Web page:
SILVER SPRING – Following the Maryland Department of Environment (MDE) and Gov. Larry Hogan’s release of his 2020 climate plan draft, 25 advocacy and community organizations wrote a letter denouncing the plan and calling for “stronger action.” The letter, delivered on Jan. 2, was signed by 25 organizations, including the Central Maryland Transportation Alliance and the Chesapeake Climate Action Network (CCAN).
“We are concerned that our state is failing to respond to the urgency of the climate crisis,” the letter wrote.
The plan, called the Greenhouse Gas Reduction Plan, was released in October 2019, over nine months after it was due in December 2018. The deadline was set by the Greenhouse Gas Emission Act of 2016, which Hogan signed into law. It prompted 26 organizations to write a letter expressing “deep concerns” that the governor had yet to release its promised draft plan. But even after the release two weeks later, climate advocacy groups were less than thrilled.
“The globe is in the midst of an unprecedented climate crisis, caused by the unsafe and poorly-mitigated burning of fossil fuels,” the letter wrote. “As one of the wealthiest states in one of the wealthiest countries in the world, Maryland has a responsibility to lead with more ambition and more aggressive pollution reduction plans and policies.”
The letter called for more “aggressive” and “robust” policy solutions. Notably, the 25 organizations wanted an electricity plan that would phase off coal power plants by 2030, be fully renewable by 2040 and reach net-zero emissions by 2045.
It also called for more detail s on the plan’s section on climate justice, in which climate solutions would also benefit minority communities and communities of color.
The 25 organizations and MDE encouraged the public to submit comments on the plan for review ahead of its finalization. While finalization was set for the end of 2019, given the near 10-month delay, there is currently no set date for a final draft.
The Center for Climate Strategies (CCS), an independent nonprofit that had helped MDE develop its climate plan in the past, reviewed the 2019 plan at the request of the CCAN and ClimateXChange, another organization that signed the letter. On Dec. 19, CCS reported a “relatively low level of confidence that proposed actions would meet Maryland’s 2030 goal.”
In their review, CCS determined that the plan had an overwhelming amount of weaknesses, most notably that its target emissions for 2030 “relies on flawed analysis” and makes a number of assumptions about current federal policy, Maryland’s 2017 gas emission inventory and the future of the electric vehicle market.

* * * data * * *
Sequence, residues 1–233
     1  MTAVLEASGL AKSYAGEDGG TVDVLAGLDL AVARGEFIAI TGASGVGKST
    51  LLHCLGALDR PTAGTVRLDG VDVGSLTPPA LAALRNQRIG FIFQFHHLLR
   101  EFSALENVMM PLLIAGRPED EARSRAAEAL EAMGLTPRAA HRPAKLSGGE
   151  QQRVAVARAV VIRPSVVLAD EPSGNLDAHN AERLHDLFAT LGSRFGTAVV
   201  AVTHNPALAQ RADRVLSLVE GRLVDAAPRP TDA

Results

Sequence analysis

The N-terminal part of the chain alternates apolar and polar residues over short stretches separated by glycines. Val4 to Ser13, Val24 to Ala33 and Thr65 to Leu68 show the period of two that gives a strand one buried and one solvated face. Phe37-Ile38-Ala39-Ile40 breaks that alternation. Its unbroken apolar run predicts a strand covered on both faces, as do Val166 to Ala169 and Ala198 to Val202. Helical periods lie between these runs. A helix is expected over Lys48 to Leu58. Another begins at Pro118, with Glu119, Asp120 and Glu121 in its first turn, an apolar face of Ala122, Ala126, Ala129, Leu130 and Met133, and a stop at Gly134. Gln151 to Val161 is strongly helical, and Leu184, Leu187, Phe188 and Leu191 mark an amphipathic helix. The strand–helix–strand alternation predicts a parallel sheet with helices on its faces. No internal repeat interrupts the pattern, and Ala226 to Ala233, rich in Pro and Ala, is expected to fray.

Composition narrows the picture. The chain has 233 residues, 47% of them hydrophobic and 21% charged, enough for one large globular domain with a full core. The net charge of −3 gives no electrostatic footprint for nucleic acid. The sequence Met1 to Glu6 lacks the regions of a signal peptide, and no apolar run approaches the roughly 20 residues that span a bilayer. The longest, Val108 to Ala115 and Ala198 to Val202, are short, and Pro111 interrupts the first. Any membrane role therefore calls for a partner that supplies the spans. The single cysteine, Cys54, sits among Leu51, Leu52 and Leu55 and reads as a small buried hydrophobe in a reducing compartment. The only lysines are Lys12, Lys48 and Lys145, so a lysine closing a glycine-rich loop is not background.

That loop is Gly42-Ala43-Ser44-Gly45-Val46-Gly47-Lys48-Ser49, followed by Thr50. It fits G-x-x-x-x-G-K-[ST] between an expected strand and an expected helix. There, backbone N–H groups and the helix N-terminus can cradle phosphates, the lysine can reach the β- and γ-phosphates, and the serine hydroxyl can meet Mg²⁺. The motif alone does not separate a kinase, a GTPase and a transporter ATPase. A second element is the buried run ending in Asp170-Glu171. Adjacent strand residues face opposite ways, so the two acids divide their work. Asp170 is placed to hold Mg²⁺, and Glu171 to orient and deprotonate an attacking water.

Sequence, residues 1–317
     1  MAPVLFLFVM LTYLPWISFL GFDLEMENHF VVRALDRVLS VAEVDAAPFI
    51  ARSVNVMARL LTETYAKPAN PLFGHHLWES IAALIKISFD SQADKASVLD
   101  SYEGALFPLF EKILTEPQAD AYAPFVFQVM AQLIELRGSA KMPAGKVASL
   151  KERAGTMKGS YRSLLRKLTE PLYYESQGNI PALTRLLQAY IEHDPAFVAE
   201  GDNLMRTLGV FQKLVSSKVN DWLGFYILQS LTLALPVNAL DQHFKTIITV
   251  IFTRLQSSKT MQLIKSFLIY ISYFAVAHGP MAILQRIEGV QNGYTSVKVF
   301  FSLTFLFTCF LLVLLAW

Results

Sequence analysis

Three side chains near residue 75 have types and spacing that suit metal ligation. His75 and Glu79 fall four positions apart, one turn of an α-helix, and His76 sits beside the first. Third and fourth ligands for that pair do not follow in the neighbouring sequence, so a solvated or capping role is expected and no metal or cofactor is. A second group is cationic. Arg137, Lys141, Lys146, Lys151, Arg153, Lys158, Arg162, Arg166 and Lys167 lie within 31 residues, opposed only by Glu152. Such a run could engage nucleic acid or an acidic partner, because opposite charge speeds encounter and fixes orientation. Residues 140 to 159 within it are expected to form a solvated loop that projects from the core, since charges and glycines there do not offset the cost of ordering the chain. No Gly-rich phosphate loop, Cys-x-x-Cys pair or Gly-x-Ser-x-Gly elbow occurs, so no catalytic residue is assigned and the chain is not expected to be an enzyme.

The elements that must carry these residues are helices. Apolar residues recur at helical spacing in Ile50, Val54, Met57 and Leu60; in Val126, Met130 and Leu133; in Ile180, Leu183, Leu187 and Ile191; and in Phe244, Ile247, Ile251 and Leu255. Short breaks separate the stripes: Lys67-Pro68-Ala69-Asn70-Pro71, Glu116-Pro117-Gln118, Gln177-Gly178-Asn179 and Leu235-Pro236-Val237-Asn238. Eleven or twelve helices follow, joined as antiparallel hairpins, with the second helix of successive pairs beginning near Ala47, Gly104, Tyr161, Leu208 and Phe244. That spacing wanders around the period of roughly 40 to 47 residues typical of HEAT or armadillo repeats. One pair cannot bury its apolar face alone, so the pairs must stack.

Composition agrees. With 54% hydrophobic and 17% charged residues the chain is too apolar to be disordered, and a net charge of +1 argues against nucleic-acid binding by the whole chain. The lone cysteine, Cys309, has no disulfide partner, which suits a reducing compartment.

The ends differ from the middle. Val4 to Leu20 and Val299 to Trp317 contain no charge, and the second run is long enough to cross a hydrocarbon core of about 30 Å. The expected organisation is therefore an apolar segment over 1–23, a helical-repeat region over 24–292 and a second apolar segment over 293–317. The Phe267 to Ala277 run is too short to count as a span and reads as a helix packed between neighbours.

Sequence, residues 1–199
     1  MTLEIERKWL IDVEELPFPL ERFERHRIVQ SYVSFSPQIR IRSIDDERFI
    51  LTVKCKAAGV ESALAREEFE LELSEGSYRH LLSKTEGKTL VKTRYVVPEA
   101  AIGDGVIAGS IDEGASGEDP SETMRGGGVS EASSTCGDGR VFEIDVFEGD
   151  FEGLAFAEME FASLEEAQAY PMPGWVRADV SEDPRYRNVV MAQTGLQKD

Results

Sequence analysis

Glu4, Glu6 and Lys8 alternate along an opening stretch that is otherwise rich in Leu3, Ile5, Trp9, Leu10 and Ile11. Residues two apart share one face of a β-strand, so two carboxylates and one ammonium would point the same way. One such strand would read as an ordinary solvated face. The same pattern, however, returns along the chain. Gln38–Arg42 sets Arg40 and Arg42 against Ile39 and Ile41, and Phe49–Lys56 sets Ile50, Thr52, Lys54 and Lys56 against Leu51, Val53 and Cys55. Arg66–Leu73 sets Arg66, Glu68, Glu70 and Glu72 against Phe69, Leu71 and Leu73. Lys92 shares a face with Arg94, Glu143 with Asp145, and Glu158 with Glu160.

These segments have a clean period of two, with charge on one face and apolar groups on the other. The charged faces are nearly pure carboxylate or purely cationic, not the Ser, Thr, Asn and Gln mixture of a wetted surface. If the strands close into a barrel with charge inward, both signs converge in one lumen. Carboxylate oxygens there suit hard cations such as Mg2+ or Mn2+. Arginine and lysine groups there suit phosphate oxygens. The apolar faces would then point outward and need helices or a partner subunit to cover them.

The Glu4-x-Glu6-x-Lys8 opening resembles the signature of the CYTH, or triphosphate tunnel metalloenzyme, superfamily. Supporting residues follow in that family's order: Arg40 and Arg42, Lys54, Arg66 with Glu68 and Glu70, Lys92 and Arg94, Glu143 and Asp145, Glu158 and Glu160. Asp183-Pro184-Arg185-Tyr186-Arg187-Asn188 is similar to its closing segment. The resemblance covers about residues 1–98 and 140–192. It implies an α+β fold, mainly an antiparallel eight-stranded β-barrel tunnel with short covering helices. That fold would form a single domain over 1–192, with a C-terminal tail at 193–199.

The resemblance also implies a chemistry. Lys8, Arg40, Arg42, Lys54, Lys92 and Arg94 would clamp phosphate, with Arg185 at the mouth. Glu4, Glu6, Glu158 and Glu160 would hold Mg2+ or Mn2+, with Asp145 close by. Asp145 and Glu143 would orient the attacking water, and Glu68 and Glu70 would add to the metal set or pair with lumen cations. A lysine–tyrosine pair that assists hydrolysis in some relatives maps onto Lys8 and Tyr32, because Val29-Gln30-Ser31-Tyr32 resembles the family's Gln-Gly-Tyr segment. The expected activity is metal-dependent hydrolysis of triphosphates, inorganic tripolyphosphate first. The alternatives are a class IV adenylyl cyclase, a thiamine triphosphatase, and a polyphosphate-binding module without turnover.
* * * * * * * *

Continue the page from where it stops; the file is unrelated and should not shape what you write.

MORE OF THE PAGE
The CCS report also highlighted the plan’s complete disregard for a pathway through 2040 and 2050, which would meet larger climate stabilization goals for the globe.
The governor’s plan also asserts that highway expansion of I-270 would reduce emissions, as a lack of congestion promises faster vehicles, which produce less emissions than slower vehicles. CCS, however, found this was undercut by the reality that highway expansions often lead to more congestion.
“We opposed this the last time it came before the BPW in June 2019,” the Central Maryland Transportation Alliance wrote in a statement. “Our concerns stated then remain the same: the widening projects are inequitable, environmentally damaging, fiscally reckless, and ineffective.”
The expansion has been a critical policy of Hogan’s administration but saw pushback from Montgomery County officials, legislators in the General Assembly and Comptroller Peter Franchot. Franchot, in particular, was concerned that Hogan was trying to rush a vote on his toll-lane proposal. Failing negotiations led to a delay and subsequent cancelling of the vote in December. However, Franchot changed his position on Jan. 8 during the approval of highway expansion in a swing vote decision.
“The pressure on the state’s greenhouse gas emissions profile would be upward, rather than downward,” the CCS report said.
The plan’s strengths, according to the CCS report, were reduced to what Hogan and MDE successfully included that was legally required and the inclusion of relevant models of analysis and supporting evidence.
“This policy review, written by MDE’s own former consultants, clearly shows that Maryland’s climate goals are insufficient for doing our part in addressing the climate crisis,” Steven Hershkowitz, CCAN’s Maryland director, said in a statement. “Making matters worse, we now know Maryland’s climate action plan likely does not put us in the position to reduce greenhouse gas emissions by 40% by 2030, let alone the 60 percent reduction called for by leading climate scientists.”
Maryland is the 34th largest U.S. state emitter and 59th largest global emitter of fossil fuels, according to reports released in 2018 and 2019. And while the draft plan recognizes the need for long-term pathways to reducing emissions, CCS and the 25 signees doubt their actual effectiveness.
“With President (Donald) Trump sabotaging national climate actions, it’s up to the states to act,” Hershkowitz added. “But under the Hogan Administration’s plan, Maryland is setting the entire climate movement back.”